As expected, Kaine plays a big part in this issue.  We get an interesting conversation between Spider-Man and his imperfect clone about family, selfishness, and heroism.  Kaine hasn’t gotten this much attention or development in a long time, and I appreciate that they’re really trying to crack his head open to find out what’s inside.  Of course, I have to mention the death of Spider-Man here – because it’s almost too obvious that it was Kaine in that Spider-Man costume (uniform?).  If that’s the case, and Kaine goes out a hero, it is an oddly fitting end for the character.  On the other hand … well, you’ll have to read the next section.

The script, though heavy-handed at times, conveys the sense of pending doom consistently and with a singularity of vision.  Madame Web’s depressing narration really sets the tone for the entire arc.  And really, the last few stories by Joe Kelly have shown a stark departure from his usual approach.  He could really find a good niche for himself between the bouncy fun and the grim darkness if he can balance them out, similar to J.M. DeMatteis in the late 90s.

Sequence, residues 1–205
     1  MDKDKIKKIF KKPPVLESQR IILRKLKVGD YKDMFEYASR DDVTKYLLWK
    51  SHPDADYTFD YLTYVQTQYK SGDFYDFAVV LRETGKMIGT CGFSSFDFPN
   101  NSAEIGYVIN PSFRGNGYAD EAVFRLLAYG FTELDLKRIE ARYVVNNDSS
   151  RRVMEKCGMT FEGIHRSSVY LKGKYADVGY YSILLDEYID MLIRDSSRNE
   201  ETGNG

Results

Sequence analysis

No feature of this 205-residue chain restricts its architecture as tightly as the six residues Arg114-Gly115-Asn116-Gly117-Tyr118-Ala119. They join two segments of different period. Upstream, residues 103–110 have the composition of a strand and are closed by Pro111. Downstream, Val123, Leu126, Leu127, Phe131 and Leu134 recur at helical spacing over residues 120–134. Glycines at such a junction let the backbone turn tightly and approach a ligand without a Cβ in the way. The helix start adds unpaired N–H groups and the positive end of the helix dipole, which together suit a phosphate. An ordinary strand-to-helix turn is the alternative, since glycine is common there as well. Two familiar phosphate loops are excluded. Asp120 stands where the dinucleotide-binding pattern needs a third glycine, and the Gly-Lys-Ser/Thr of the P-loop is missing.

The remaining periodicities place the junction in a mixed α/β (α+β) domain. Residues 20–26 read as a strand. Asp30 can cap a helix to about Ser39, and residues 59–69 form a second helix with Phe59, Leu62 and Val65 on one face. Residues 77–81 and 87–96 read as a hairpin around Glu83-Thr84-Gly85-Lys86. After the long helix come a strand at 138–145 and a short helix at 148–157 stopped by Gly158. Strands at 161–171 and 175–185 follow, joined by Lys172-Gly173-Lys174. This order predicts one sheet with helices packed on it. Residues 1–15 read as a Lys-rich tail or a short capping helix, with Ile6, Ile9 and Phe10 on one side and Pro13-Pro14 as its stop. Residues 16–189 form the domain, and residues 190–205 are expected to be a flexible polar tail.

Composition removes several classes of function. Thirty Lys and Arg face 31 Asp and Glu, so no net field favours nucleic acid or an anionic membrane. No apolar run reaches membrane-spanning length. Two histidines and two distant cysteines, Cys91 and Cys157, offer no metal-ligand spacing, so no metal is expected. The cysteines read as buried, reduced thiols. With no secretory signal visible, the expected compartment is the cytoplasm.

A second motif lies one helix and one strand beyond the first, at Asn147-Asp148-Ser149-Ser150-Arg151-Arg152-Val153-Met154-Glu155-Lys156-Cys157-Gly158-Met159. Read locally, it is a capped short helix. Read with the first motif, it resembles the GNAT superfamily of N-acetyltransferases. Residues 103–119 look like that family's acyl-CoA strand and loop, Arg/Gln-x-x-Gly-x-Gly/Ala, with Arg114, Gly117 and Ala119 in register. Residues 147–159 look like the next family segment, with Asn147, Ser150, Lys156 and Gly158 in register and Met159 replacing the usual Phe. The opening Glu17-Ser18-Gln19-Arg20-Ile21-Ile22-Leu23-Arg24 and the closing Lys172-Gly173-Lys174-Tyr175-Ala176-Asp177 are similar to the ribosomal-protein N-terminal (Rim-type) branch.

Speaking of J.M. DeMatteis, the backups in this issue are excellent.  The DeMatteis/Fiumara backup is top-notch, showing off some classic Kaine and Kraven moments.  I tend to be hot and cold on the idea of retconning in stories like this, but this Kaine story works well alongside the main feature.  I also need to commend Fiumara’s artwork – although I wasn’t a fan of his work on the Rhino stories, his artwork here is really growing on me.

The other backup, the short Stan Lee bit with Marcos Martin on art, is an amusing little interlude.  In other words, it does what it’s supposed to do, and it does it well.  I cracked up at the three panels of dialogue between Spidey and Mr. Fantastic, with some roughhousing happening in the background.  It’s cute and funny, and it works on every level.